How Hapag-Lloyd became a pioneer in the transport of dangerous goods

The explosion of the North German Lloyd vessel “MS Moselstein” in the Port of Antwerp in December 1966 was one of the biggest accidents involving a ship in the post-war period. The accident was triggered by a fire in Hold 1, which caused several explosions. But the cause remained unclear. These and other incidents heightened awareness of the importance of correctly and transparently declaring hazardous goods – and thereby laid the foundation for the creation of the Dangerous Goods department at what was then still Hapag. Since then, Hapag-Lloyd has become a pioneer in the transport of dangerous goods.

In the late 1960s, there was a directive on ocean freight that regulated the stowage and packaging of dangerous goods – but only on the national level. However, the incident involving the “Moselstein” showed just how important it was to create uniform international standards. At the time, this led to the emergence of the International Maritime Dangerous Goods (IMDG) Code, which was based on UN regulations for the shipping industry. This code sets the international standards for the classification and transport of dangerous goods by ship – and it is the Bible, so to speak, for the experts in the Dangerous Goods department.

Today, if a dangerous goods booking is registered at Hapag-Lloyd, it is first checked for accuracy. In addition to scrutinising whether the cargo has been correctly described, the so-called dangerous goods validator also examines the entire route – including all loading, discharging, transit and transshipment regulations. In other words, it looks into which regulations need to be complied with in all the individual ports and whether there are any specific restrictions. If the cargo doesn’t satisfy “legal compliance” completely and across the board, it won’t be accepted for the voyage.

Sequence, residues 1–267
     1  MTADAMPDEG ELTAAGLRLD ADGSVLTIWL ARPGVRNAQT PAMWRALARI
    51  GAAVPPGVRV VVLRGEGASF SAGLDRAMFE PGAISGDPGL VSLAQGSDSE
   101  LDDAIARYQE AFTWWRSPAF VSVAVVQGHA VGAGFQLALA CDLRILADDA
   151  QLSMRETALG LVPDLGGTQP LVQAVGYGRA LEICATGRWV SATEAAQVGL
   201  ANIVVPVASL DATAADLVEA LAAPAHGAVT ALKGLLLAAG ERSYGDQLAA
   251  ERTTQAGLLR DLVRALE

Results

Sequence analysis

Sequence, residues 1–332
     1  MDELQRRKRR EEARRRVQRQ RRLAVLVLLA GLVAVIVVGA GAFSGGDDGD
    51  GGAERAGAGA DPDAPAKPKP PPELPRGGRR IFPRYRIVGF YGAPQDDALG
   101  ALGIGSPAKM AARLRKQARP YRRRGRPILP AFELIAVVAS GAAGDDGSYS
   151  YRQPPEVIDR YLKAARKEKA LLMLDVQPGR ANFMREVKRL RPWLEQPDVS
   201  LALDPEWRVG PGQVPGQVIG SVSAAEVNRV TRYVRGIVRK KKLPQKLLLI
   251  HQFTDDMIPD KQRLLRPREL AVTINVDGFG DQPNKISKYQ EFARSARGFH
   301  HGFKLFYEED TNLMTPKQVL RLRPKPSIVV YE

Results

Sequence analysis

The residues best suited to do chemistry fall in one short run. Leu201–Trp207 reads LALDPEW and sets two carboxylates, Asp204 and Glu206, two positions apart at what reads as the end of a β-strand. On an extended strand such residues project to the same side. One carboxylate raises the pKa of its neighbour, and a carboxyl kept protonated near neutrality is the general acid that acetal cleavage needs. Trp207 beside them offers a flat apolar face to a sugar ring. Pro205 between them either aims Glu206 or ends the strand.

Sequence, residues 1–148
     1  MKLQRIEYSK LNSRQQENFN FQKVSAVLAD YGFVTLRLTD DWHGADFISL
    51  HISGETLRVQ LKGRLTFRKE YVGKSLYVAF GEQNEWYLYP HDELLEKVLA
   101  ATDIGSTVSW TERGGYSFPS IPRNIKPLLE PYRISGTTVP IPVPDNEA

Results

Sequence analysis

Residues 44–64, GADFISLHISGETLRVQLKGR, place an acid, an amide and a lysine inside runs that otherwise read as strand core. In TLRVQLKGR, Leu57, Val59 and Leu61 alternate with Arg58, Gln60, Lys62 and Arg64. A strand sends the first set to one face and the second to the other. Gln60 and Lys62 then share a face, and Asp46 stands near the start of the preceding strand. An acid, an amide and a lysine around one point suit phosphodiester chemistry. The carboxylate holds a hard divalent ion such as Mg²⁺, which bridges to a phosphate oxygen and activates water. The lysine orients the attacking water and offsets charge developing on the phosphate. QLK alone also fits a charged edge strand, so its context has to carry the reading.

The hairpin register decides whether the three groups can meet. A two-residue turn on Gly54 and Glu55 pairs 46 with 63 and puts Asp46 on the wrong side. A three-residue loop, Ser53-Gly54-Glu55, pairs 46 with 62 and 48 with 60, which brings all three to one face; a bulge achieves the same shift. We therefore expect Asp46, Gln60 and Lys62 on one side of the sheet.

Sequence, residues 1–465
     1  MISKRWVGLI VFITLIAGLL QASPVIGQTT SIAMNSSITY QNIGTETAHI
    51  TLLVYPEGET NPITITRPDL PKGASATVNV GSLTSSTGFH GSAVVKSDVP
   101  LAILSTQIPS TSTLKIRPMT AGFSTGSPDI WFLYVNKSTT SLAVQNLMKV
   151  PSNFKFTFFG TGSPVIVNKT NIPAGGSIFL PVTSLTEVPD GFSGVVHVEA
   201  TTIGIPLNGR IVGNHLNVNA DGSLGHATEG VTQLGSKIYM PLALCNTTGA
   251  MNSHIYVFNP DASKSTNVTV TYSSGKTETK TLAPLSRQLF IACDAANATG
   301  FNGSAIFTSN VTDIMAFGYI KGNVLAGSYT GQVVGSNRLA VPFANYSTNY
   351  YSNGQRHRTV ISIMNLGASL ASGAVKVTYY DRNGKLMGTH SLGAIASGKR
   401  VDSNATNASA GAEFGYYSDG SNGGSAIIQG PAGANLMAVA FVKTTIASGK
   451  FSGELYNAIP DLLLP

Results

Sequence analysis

Then the booking data are checked by the Dangerous Goods manager using the “four-eyes principle” – an important standard to ensure a high degree of safety. After that, the manager prepares the data record for the central stowage planning office in Hamburg, as the precise stowage instructions from the Dangerous Goods team enable the stowage planners to determine the best spot on board to stow each DG container. Then the Dangerous Goods department checks the stowage plan again, which means that there is a double four-eyes principle. It is only after the responsible DG manager gives his or her OK that the stowage plan from the central stowage planning office becomes a legally binding stowage instruction.

For Hapag-Lloyd, dangerous goods are a very interesting niche product of much strategic importance. “We boast a high degree of expertise in this specialised business segment, as we have internationally renowned dangerous goods experts based in our Regional headquarters in addition to the right tools and leading IT solutions,” says Ken Rohlmann, Senior Director Dangerous Goods at Hapag-Lloyd. “On the other hand, transporting dangerous goods is quite a lucrative business segment. And that’s why further expanding our dangerous goods business is an important part of our corporate strategy ‘Strategy 2023’.”

While the manual check of the dangerous goods is being performed, the award-winning “Cargo Patrol” safety software – which was developed by Hapag-Lloyd in 2011 and is now distributed by IBM – scans all of Hapag-Lloyd’s bookings that are not declared as dangerous goods for suspicious keywords. In fact, the major challenge for all carriers is to identify goods that are not declared as dangerous goods in accordance with the regulations.

When the Dangerous Goods department was formed in March 1969 – or exactly 50 years ago – these processes had to be created from scratch. This was a “learning-by-doing” process to a certain extent, as there weren’t any precedents to serve as a blueprint. Today, Hapag-Lloyd is a pioneer in the transport of dangerous goods. Last year, the company transported almost 480,000 TEU of dangerous goods without any major incidents. That shows that Hapag-Lloyd is very well prepared for this kind of cargo.

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